Location of Mayurbhanj District
Mayurbhanj District lies between 21 degree 16 minutes and 22 degree 34 minutes north latitude and at 85 degree 40 minutes and 87 degree 11 minutes east longitude. The district is bounded in the north by Midnapore District of West Bengal, Singhbhum District of Jharkhand in the south, Balasore District in the west and by Kendujhar District in the east.
Geography of Mayurbhanj District
The central part of Mayurbhanj District is covered by a group of hills known as the Similipal Range and the remaining portion is covered by undulating plains raising and falling in gentle slopes. Mayurbhanj District is mainly covered by a group of hills; the percentage of plain lands is quite lower in comparison to other lands. As the area is mainly undulating except along the few rivers and as it comprises ridges, slopes and depressions the agricultural lands are mostly terraced to catch the surface drainage coming from the uplands. Precisely the district may be divided into three distinct natural divisions. The central hill ranges divide the plains of the district into two halves eastern and western. The Eastern Division, which slopes gently from the foot of the hills towards the sea, is served by a number of hill streams forming an ideal land for cultivation comprising Baripada and Kaptipada sub-divisions. The western division is mainly a plain rising and falling in gentle slopes studded with many rocky mounds and hills. The northern portion of this western division is very fertile for extensive cultivation. The district is 559.31 metres above the sea level.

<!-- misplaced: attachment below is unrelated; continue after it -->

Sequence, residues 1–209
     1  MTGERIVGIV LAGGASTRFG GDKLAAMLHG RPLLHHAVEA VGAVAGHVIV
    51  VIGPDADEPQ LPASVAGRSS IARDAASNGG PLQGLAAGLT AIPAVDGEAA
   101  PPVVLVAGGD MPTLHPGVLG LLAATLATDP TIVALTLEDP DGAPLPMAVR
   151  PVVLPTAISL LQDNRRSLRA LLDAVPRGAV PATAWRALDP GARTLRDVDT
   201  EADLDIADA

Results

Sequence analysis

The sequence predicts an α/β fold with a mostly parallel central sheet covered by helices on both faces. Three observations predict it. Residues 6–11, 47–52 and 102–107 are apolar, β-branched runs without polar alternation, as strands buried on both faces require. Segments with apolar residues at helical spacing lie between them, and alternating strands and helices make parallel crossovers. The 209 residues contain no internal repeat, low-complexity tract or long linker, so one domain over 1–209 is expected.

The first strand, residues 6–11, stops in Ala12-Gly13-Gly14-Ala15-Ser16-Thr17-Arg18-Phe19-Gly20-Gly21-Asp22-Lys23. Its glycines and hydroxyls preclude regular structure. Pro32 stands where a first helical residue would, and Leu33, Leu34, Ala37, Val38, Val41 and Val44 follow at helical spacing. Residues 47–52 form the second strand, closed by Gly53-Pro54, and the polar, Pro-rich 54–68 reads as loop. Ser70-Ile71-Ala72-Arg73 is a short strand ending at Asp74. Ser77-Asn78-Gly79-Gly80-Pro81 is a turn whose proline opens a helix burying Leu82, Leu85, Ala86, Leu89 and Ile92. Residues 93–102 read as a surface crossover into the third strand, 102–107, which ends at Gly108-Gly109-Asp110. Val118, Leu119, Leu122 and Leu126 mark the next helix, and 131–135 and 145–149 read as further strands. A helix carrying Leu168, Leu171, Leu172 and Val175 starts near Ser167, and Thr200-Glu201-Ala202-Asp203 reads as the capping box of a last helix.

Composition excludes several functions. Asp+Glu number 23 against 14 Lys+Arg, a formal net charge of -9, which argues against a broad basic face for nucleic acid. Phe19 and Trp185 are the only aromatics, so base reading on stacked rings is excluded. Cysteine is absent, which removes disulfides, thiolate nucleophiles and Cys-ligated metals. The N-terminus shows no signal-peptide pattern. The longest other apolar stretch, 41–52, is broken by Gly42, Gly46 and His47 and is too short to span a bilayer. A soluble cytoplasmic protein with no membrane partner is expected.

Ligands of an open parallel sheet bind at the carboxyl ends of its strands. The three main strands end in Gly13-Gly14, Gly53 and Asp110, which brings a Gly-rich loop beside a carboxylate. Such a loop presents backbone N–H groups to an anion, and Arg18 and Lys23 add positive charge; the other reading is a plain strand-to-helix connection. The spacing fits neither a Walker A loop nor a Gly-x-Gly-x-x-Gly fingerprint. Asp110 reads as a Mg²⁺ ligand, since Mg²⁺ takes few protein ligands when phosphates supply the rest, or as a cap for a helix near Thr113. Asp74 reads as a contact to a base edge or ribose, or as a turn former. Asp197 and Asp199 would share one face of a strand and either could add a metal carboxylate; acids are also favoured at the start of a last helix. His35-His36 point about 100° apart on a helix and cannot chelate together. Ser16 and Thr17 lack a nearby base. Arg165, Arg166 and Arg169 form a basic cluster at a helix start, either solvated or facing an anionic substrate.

Stretches of leafy green forest served with a network of perennial streams and its refreshing climate contribute so much to make the district an ideal habitat for tropical flora and fauna. Diversified flora and fauna has infested the district with immaculate freshness, which is alluring to the tourist. Hence the district of Mayurbhanj is one of the significant tourist corners in Orissa. Out of the total cultivable area of 4,47,214 hectares of Mayurbhanj District, 1,95,441 hectares (around 43.7 percent) constitute high land, 1,24,730 hectares (nearly 27.9 percent) medium land and 27043 hectares (28.4 percent) low land. The soil is generally acidic in reaction. The soil types noticed are sandy loam and Lateritic, light textured with low water retentive capacity.
Economy of Mayurbhanj District
In spite of the storehouse of a huge quantity of economically important mineral resources, due to the lack of roper infrastructure the district is not industrially developed. Hence, economy of Mayurbhanj District is mostly dependent on agriculture. The agro climatic zone and the favorable soil type induce the proper growth of agriculture in the district of Mayurbhanj. Paddy is the major cultivated crop, followed by pulses and oilseeds. While there has been decrease in the coverage of Khariff paddy in high lands, the area under pulses, oilseeds and other cereals has been showing an increasing trend due to diversifications of cropping pattern in such land. Moreover the land utilisation pattern is quite accommodating for the genesis in the field of agriculture. Quite a good number of small scale industries including Mineral grinding, Stone Crushing, China-Clay Washing, Ceramic industries, Fertilizer, Safety Matches, Paper Mill, Paints and Chemicals, Washing, Soap, Electrical Items, High-Voltage, cable manufacturing, Aluminum Utensils, Cold Storage, Mechanised Hatchery, General Fabrication, Sheet-Metals, Poly-leaf Cups and plates making, cement products, Sabai products, rice-Huller, flour mill and allied repairing and servicing etc. serve the industrial economy of Mayurbhanj District.